Ajay K. Singh, MBBS, FRCP, MBA
Brigham and Women’s Hospital
Harvard Medical School
In a previous editorial, I made the case for the federal government funding a Dialysis Moonshot initiative, set up similarly to the Obama administration’s Cancer Moonshot that was spearheaded by Vice President Joe Biden.
In occasional articles, I intend to cover areas of dialysis care where research is very limited and the impact of research on patient lives could be substantial. One specific area that could be funded is research examining the benefit of initiating dialysis versus maximal conservative therapy in the very elderly (defined as age ≥75 years). Outcomes could include health-related quality of life (QoL) and mortality.
The number of dialysis patients older than 75 is growing rapidly. However, outcomes among these patients are very poor. USRDS data from 2018 report that among those 75 years and older, expected remaining lifetime in years is 3.3 for men and 3.6 years for women on dialysis, compared with 7.6 and 8.3 years for men and women in the general population, respectively1. Indeed, life span on dialysis steeply declines for both men and women after the age of 60, and mortality is nearly doubles for those >75 years of age (195 and 188 vs 364 and 339 deaths per 1000 patient years for men and women, <75 vs >75 years, respectively).1
Berger and Hedayati, in a paper in a 2012 CJASN2, discuss the challenges with renal replacement in the elderly. Factors that influence higher mortality include increased frailty, falls, and functional/cognitive impairment. Jennifer S. Scherer and Markus Bitzer writing in Kidney News Online3 discuss the limitations of current guidelines with respect to dialysis care among the elderly: They are “disease oriented and with a one-size-fits-all approach that pays little attention to QoL.” The authors state that there is no right answer for an elderly patient: “A time-limited trial begins with the identification of patient-specific goals, often relevant to QoL and geriatric syndromes, with planned re-evaluations to assess the patient’s perceptions of the benefits and burdens of dialysis. This continuous dialogue also allows for a fluid transition into advance care planning. Advance care planning with dialysis patients can promote the use of hospice, a benefit often underused in this population. In the general population advance care planning is associated with fewer intensive procedures at the end of life, death at the location of choice, increased patient satisfaction, and increased use of hospice.”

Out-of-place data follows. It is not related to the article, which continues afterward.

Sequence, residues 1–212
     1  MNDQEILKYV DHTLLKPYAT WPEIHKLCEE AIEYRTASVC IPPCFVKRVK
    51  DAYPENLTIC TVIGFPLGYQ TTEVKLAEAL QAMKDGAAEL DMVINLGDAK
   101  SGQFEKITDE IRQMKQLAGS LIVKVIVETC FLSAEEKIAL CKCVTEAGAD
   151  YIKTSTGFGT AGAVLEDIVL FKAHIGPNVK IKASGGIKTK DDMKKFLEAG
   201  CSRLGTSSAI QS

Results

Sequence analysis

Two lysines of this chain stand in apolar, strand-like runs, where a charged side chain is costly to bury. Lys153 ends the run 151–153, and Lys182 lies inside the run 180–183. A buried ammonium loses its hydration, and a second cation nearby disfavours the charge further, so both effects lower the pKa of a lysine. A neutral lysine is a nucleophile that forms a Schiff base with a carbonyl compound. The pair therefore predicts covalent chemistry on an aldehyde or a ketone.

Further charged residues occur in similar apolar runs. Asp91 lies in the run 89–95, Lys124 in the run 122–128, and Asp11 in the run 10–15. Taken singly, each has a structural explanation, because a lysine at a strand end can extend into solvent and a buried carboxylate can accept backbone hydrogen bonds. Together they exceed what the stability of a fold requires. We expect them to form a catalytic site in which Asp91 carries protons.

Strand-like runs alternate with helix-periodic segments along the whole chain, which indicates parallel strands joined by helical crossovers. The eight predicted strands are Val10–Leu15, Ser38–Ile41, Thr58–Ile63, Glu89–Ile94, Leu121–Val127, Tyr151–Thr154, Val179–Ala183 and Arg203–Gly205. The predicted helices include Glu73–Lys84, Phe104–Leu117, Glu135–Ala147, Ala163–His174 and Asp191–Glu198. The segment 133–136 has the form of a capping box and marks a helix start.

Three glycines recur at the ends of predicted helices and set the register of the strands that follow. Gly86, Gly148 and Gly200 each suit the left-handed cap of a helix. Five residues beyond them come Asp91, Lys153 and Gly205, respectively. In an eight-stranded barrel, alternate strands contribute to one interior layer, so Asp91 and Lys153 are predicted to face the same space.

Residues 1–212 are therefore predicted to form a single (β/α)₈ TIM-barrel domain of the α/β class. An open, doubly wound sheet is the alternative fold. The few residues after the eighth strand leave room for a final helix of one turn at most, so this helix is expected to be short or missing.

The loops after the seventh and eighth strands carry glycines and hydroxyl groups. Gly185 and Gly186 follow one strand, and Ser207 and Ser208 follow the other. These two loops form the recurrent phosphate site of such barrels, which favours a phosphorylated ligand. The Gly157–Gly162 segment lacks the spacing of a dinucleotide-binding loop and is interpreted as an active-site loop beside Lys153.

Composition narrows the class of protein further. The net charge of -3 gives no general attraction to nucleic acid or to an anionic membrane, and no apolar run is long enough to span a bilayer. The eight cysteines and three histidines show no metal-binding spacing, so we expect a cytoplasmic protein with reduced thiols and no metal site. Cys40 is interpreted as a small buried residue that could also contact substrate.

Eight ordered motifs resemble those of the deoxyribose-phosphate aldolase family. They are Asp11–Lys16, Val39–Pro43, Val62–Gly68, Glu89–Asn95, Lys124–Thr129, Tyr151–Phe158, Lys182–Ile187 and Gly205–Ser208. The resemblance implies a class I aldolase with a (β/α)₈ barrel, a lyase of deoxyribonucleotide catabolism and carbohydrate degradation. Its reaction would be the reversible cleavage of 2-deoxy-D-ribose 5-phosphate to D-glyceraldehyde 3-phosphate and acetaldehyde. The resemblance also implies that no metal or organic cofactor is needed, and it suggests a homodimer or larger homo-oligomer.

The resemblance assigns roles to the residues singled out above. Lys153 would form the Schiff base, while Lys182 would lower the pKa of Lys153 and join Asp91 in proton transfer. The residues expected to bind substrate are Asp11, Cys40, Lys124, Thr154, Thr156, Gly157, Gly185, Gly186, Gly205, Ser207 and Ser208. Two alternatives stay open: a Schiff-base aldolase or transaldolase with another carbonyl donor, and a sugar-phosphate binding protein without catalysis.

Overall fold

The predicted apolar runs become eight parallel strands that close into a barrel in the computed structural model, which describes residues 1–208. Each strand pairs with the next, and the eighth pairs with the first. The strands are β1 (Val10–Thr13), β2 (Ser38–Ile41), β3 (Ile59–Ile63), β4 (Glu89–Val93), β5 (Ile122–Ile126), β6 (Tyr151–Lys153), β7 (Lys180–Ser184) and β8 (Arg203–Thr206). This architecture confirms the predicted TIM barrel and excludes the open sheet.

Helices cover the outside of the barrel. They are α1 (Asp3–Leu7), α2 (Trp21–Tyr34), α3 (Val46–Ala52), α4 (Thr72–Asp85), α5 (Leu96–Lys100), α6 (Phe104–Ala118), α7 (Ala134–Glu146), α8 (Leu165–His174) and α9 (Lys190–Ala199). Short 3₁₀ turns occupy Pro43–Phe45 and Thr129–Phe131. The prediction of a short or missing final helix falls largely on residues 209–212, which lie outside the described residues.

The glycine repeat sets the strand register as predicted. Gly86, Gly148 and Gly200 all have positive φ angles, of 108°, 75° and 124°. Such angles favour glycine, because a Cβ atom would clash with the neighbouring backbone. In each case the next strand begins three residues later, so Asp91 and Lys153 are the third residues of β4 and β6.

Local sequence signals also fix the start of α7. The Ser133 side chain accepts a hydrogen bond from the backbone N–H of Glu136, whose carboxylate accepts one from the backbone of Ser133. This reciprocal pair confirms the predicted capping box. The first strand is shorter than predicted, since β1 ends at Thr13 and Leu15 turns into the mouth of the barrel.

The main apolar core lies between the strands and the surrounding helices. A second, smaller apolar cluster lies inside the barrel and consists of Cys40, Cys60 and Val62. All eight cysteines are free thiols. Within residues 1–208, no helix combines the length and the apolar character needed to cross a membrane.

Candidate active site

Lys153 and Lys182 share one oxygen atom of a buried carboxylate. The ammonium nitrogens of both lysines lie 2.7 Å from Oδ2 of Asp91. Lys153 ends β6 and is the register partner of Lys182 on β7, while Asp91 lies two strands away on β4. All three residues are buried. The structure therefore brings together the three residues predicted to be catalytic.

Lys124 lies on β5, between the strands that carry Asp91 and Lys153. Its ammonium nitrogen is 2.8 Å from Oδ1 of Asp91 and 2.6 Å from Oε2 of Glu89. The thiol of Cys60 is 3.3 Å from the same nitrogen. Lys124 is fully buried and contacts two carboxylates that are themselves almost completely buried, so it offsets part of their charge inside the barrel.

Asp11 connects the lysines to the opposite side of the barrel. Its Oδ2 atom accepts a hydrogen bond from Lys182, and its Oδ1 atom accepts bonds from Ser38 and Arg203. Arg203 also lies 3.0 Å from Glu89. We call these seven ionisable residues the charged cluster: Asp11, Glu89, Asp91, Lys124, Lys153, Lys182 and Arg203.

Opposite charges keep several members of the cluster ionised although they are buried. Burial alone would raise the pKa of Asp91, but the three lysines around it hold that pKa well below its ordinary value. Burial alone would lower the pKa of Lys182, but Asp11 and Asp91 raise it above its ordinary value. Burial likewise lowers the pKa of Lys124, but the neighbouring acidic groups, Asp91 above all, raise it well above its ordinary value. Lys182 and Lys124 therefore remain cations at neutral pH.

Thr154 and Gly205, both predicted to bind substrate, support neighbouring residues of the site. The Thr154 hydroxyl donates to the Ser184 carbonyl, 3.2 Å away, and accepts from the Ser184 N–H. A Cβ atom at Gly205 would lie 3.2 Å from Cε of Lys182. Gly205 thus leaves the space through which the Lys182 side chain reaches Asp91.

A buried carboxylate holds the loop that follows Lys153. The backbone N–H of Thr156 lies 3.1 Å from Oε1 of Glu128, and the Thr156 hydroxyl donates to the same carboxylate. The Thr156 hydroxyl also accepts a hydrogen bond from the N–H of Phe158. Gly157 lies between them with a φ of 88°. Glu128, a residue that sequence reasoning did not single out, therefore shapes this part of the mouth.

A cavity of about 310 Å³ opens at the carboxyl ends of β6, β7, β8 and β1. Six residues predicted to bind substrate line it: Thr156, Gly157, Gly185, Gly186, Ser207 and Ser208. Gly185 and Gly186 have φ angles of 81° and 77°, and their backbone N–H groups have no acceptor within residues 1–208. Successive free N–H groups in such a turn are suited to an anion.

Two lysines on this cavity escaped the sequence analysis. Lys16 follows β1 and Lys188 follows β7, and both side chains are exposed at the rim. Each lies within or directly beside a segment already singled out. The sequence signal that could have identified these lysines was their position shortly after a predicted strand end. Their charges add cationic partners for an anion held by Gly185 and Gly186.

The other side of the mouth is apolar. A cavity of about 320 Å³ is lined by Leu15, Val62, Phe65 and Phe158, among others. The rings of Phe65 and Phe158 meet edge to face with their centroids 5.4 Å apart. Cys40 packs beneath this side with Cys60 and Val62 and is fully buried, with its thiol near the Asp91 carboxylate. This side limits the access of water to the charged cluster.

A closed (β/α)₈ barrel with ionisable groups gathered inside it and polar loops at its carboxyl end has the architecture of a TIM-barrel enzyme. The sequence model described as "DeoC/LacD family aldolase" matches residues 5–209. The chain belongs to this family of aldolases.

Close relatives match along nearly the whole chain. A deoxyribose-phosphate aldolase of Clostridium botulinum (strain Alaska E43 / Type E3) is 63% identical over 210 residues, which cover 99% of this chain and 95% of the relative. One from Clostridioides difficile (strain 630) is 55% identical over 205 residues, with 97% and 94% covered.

In a recent longitudinal comparison of older patients beginning dialysis versus enrolling in maximum conservative therapy, the GOLD (Older Patients Starting Dialysis) study, van Loon and colleagues4 reported four key findings: (1) Patients starting dialysis compared with patients choosing conservative care had similar overall QoL; (2) over time, QoL in the dialysis group remained stable versus a small decline of QoL observed in the conservative group; (3) hospitalization was significantly higher among dialysis patients compared with conservative patients, despite conservative patients being older; and (4) survival at 12-months in patients over 80 years old was not significantly longer in patients initiating dialysis compared with maximum conservative care patients.
There are currently major gaps in understanding what should be the optimal care of elderly patients with kidney failure. Data suggest that lifespan is limited regardless of whether these patients are treated with dialysis or maximal conservative therapy. A sensible approach might be to focus on quality of life. Figuring this out could be a goal of a Dialysis Moonshot!
1. U.S. Renal Data System: USRDS 2018, Mortality Chapter: Atlas of Chronic Kidney Disease and End Stage Renal Disease in the United States, Bethesda, MD, National Institute of Health, National Institute of Diabetes and Digestive and Kidney Disease P 398 https://www.usrds.org/2018/view/v2_05.aspx
2. Berger JR, Hedayati SS. Renal replacement therapy in the elderly population. Clin J Am Soc Nephrol. 2012;7(6):1039–1046. doi:10.2215/CJN.10411011
3. Scherer JS, Bitzer M. Geriatric Issues in the Elderly Dialysis Population. https://www.kidneynews.org/kidney-news/special-sections/geriatric-nephrology/geriatric-issues-in-the-elderly-dialysis-population
4. van Loon IN, Goto NA, Bots ML, et al. Quality of life after the initiation of dialysis or maximal conservative management in elderly patients: a longitudinal analysis of the Geriatric assessment in Older patients starting Dialysis (GOLD) study age groups. BMC Nephrol. Volume 20, Article number: 108 (2019)